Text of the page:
Newton's Laws of Motion

In summary, the quarterback must throw the ball at a speed of 159.53 m/s in order to hit the 200 yd mark.
  • #1

Homework Statement

A 41-kg box is thrown at a speed of 235 m/s and is brought to a halt in a collision that lasts for a time of 6.8 ms. What is the magnitude of the average net force that acts on the box during the collision?

Homework Equations

Sum of Forces = m*a

The Attempt at a Solution

Well I tried t=6.8, v(o) = 235 m/s, v = 0, , and tried to solve for acceleration, which i got -34.56. but putting that in the sum of forces = m*a is not giving me the correct solution. i suck at physics :(
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  • #2
Hi alexdude777.
Is it the time 6.8 seconds or miliseconds ?
  • #3
step one of solving physics problem is to draw a picture, so where's your drawing? and then show your work. plus you can never have a (-) acceleration the (-) sign is just to show the direction.
  • #4
It's definitely 6.8 milliseconds

Well I did make a drawing but how would I post it here? I mean it was just a box that I labeled 41-kg, with a vector towards the wall labeling the direction and velocity(235m/s), and then hitting a wall. Then I had t=6.8ms on the side

I am terrible at the stuff...I am going to fail :(
  • #5
welcome to pf!

hi alexdude777! welcome to pf! :wink:
alexdude777 said:
Well I tried t=6.8, v(o) = 235 m/s, v = 0, , and tried to solve for acceleration, which i got -34.56.

as Karlx :smile: points out, you won't get 34.56 if you use .0068 :redface:
  • #6
Then I get it to equal -34558.823 ... there is NO way that can be right right? I was using that v=v(o) + at for the equation... am i even close to on the right track or no?
  • #7
Hi alexdude777.
Why do you think it cannot be right?
  • #8
HOLY CRAP it was right! Wow. Thanks so much. I really appreciate it guys. Can I ask a projectile motion question here if I show you guys all the work I have tried?
  • #9
Here is the question

A quarterback claims that he can throw the football a horizontal distance of 183 m (200 yd). Furthermore, he claims that he can do this by launching the ball at the relatively low angle of 35° above the horizontal. To evaluate his claim, determine the speed with which this quarterback must throw the ball.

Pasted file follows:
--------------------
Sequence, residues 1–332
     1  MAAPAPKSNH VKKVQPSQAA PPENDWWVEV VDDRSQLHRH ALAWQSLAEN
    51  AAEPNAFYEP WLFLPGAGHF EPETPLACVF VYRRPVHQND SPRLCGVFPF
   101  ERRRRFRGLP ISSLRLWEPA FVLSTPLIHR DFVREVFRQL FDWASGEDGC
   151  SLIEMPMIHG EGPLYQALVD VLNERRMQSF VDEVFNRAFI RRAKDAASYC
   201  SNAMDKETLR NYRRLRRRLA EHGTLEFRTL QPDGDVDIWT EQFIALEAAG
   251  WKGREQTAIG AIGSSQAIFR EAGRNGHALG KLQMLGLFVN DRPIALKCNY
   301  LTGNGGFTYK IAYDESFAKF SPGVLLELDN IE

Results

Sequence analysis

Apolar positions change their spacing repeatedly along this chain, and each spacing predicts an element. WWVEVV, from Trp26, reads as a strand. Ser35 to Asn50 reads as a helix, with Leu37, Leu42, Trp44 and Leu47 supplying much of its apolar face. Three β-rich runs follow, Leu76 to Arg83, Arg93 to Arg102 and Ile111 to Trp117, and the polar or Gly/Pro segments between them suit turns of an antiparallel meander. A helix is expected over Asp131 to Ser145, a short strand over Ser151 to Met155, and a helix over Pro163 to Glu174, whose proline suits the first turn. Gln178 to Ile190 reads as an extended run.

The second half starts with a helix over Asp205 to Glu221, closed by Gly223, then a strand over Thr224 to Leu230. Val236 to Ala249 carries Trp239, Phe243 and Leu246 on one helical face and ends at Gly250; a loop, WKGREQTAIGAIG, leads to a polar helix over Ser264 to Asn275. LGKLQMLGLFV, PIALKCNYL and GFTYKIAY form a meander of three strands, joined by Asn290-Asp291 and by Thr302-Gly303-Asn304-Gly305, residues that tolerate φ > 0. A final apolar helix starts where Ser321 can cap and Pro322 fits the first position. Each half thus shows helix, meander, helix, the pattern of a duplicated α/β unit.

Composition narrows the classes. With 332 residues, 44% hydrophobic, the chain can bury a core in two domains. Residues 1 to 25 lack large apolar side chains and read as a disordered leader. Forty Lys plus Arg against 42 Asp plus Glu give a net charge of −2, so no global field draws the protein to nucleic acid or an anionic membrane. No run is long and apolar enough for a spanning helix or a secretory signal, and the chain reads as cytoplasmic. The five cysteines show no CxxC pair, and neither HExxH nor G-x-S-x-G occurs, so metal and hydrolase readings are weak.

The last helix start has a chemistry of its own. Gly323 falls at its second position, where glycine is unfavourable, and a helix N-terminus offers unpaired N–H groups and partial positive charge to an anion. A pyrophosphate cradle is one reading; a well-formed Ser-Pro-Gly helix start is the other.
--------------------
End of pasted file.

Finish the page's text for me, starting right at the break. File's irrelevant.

Well I drew a picture. The line is x=183m, with theta being 35degrees. I need to find v(o)

I had v(ox)=v(x) = ?
a(x) = 0
t = ?
x = 183

v(oy) = ?
v(y) = ?
a(y) = -9.8m/s^2
t = ?
and I tried finding y with some it 159.53, the max height of the ball?

I guess I am just stuck here because I don't know where to go next, the book is not doing that great of a job explaining this or at least with a problem similar to this. I know I need to use the 35degrees and use trig. maybe to find the initial velocity in both the x and y direction? but i don't know what the length of the sides of the triangle would be, because the only other thing i have is how long x is. Any advice on how to get started?
  • #10
You are on the rigth way, alexdude.
You must see the motion of the ball as a composition of two kinds of motion: one in the horinzontal axis and another in the vertical axis.
Which kind of motion on the x axis?
Which kind of motion on the y axis?
Try to write the equations of motion for each axis.
And from it, up to you...

What are Newton's Laws of Motion?

Newton's Laws of Motion are three laws that describe the relationship between an object's motion and the forces acting upon it. They were developed by Sir Isaac Newton in the 17th century and are considered fundamental principles in the study of physics.

What is the first law of motion?

The first law, also known as the law of inertia, states that an object at rest will remain at rest and an object in motion will continue in a straight line at a constant speed unless acted upon by an external force.

What is the second law of motion?

The second law states that the acceleration of an object is directly proportional to the net force acting on it and inversely proportional to its mass. This can be expressed as the equation F=ma, where F is the net force, m is the mass, and a is the acceleration.

What is the third law of motion?

The third law, also known as the law of action and reaction, states that for every action, there is an equal and opposite reaction. This means that when one object exerts a force on another object, the second object will exert an equal and opposite force back.

How are Newton's Laws of Motion applied in real life?

Newton's Laws of Motion are essential in understanding and predicting the motion of objects in our everyday lives. They are used in fields such as engineering, sports, and transportation to design and improve systems and objects. For example, the first law explains why a seatbelt is necessary in a car and the second law is used to calculate the force needed to launch a rocket into space.

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